Employers Must Provide COBRA Subsidy Under the American Rescue Plan Act

Employers Must Provide COBRA Subsidy Under the American Rescue Plan Act

Beginning April 1, 2021, the recently passed American Rescue Plan Act (“ARPA” or the “Act”) will require covered employers to pay state or federal health insurance continuation expenses (referred to as “COBRA”) for eligible separated employees for up to six months. The subsidy is in effect until September 30, 2021.

Who is a Covered Employer?

The ARPA requires all employers who offer insurance continuation under COBRA or a state equivalent to separated employees to provide the subsidy for any medical, dental, or vision plan offered by the employer. Coverage under flexible spending accounts are not covered by the subsidy.

Who is Eligible?

Separated employees—and their covered family members—whose employment ended because of an involuntary termination of employment or reduction of hours are eligible for the subsidy. The employee and family members must be receiving COBRA benefits or eligible to receive COBRA during the period from April 1 through September 30, 2021.

The ARPA does not have specific requirements regarding the basis for termination of employment except that it must be involuntary and not the result of an employee’s resignation.

Even if a separated employee previously waived COBRA coverage, the ARPA offers a second election opportunity for eligible individuals who are still within the 18-month coverage period. Covered employers cannot require retroactive premiums for months in which the separated employee waived coverage prior to the effective date of the Act. However, the Act does not extend coverage eligibility beyond the 18-month limitation under COBRA.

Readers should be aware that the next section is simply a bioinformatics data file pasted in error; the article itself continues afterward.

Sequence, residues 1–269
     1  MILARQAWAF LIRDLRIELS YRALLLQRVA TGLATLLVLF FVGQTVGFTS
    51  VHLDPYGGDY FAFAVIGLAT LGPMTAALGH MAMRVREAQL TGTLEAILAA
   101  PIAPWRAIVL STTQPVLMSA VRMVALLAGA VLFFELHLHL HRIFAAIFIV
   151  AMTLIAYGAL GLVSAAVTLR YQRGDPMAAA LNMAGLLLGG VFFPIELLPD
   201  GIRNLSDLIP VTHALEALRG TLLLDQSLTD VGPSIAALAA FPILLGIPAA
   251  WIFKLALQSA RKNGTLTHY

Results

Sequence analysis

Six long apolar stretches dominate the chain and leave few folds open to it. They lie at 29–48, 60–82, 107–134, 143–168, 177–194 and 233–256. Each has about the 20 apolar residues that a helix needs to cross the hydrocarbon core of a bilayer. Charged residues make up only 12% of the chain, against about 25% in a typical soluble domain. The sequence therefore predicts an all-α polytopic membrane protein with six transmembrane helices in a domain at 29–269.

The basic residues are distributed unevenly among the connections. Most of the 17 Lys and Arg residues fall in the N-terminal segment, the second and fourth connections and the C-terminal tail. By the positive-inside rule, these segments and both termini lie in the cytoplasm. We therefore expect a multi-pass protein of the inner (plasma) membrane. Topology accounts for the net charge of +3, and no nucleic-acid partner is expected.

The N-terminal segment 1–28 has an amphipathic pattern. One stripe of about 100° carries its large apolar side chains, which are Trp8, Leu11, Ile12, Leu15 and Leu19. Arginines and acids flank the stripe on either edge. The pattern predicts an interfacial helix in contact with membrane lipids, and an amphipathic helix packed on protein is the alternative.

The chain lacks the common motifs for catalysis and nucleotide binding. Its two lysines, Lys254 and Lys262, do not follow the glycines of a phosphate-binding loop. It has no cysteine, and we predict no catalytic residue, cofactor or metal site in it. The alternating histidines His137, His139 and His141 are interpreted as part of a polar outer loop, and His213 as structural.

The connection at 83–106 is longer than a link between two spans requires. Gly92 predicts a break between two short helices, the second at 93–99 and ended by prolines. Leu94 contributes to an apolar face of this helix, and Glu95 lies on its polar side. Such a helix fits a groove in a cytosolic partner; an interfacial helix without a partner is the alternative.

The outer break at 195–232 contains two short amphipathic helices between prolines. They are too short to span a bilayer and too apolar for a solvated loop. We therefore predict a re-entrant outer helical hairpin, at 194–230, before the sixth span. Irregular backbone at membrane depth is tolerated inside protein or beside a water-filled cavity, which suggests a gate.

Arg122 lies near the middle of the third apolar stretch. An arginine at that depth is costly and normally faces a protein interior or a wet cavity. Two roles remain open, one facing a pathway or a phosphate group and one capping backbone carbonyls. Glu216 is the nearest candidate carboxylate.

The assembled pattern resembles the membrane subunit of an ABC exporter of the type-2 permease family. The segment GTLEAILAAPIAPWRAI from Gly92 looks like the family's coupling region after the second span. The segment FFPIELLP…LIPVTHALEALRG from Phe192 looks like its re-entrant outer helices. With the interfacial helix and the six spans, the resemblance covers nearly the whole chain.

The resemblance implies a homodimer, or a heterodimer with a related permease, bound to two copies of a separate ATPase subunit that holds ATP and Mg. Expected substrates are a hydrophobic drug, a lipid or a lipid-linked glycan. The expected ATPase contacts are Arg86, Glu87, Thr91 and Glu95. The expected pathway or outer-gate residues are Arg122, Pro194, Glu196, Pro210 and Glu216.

What Coverage is Eligible?

Individuals should be allowed to elect the same or similar coverage that they had as employees. Employers can elect, but are not required, to allow separated employees to choose available coverage that is different than what was offered at the time the separated employee’s coverage first terminated. Such options must (i) include health insurance plans and not just excepted benefits such as dental and vision, (ii) be offered to similarly situated active employees, and (iii) cannot be more costly than the prior coverage.

What do Employers Need to Do?

Employers must send notice by May 31, 2021 about the subsidy to previously separated eligible employees, who will have the option to start or reinstate coverage within 60 days of receiving notice. Employers must update their notices for future employee separations that occur prior to the sunset of the subsidy on September 30, 2021. The Department of Labor will be issuing model notices by April 10, 2021.

Employers must also send out notice between 15 and 45 days prior to the date when subsidies expire. For covered individuals whose COBRA coverage ends May 31, 2021, the notice must be sent no later than May 16, 2021. The Department of Labor will be issuing a model notice of expiration by April 25, 2021.

Impacted employers should begin taking steps to plan for and implement the ARPA requirements immediately. If you need assistance with implementing the subsidy, please contact one of our employment attorneys today.

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